However, recent years have presented new challenges. The global financial crisis of 2008-2009 and subsequent economic downturns affected Africa’s growth trajectory. The COVID-19 pandemic and geopolitical tensions, such as the Russia-Ukraine conflict, further impacted the continent’s economic performance.

Figure 2: Africa’s global GDP contribution (%)

Economic Growth Potential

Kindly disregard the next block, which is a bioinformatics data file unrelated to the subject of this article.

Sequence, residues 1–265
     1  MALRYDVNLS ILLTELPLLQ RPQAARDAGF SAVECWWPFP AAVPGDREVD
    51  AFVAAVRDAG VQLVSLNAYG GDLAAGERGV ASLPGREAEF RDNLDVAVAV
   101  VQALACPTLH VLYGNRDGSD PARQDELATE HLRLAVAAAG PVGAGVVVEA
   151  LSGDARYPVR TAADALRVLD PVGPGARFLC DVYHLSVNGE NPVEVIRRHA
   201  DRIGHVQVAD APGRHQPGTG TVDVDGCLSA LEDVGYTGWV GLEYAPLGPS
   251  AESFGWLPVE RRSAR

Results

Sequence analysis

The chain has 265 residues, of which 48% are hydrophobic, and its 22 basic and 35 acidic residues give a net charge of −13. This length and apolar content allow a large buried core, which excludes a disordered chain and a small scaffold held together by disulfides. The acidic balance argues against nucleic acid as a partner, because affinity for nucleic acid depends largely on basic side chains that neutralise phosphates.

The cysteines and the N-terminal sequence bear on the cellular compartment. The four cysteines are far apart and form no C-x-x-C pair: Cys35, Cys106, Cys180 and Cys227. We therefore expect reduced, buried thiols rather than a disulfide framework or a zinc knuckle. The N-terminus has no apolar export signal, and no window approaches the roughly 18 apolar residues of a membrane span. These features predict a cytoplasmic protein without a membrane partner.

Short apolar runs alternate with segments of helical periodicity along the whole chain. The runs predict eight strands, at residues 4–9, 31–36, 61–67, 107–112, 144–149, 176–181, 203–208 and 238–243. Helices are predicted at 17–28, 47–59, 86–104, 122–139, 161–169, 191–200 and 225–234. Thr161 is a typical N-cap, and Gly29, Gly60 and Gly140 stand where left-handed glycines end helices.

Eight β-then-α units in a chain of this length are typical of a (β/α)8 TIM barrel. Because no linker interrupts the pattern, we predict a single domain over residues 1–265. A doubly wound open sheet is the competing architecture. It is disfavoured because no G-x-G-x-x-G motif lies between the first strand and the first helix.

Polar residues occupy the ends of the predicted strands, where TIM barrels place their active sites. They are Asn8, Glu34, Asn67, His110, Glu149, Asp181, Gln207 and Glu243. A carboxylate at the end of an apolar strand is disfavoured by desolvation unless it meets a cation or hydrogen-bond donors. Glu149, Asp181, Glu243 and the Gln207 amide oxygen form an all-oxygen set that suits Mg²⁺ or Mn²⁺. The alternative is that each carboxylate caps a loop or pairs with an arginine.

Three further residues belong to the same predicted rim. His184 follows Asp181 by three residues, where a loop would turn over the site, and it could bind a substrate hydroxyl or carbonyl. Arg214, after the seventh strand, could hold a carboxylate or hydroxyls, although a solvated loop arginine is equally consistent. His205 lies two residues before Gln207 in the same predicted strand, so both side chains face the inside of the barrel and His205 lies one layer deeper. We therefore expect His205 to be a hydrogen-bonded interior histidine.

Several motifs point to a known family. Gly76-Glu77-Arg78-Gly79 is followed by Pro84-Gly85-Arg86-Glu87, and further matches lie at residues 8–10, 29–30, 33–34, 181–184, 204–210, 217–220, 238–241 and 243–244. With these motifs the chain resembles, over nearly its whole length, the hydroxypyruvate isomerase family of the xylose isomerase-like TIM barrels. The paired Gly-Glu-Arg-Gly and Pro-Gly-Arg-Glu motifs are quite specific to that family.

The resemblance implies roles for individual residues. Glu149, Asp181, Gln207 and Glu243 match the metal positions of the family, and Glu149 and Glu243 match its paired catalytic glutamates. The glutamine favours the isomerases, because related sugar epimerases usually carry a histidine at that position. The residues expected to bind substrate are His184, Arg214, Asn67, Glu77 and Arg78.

Economic growth potential is generally driven by a number of factors. Among these is labor, which encompasses the workforce’s size and skills, playing a critical role in determining a nation’s productive capacity. Productivity, another vital determinant, refers to the efficiency with which labor and capital are utilized to produce goods and services. This efficiency is often enhanced through technological advancements and innovation, leading to higher output per unit of input. Capital, both physical (like machinery and infrastructure) and human (skills and knowledge), significantly influences growth. Physical capital provides the necessary tools for production, while human capital, developed through education and training, enhances labor’s quality and productivity. Furthermore, economic policies, market conditions, and institutional frameworks also contribute to shaping the environment within which these classical factors operate, thereby influencing a nation’s economic growth potential.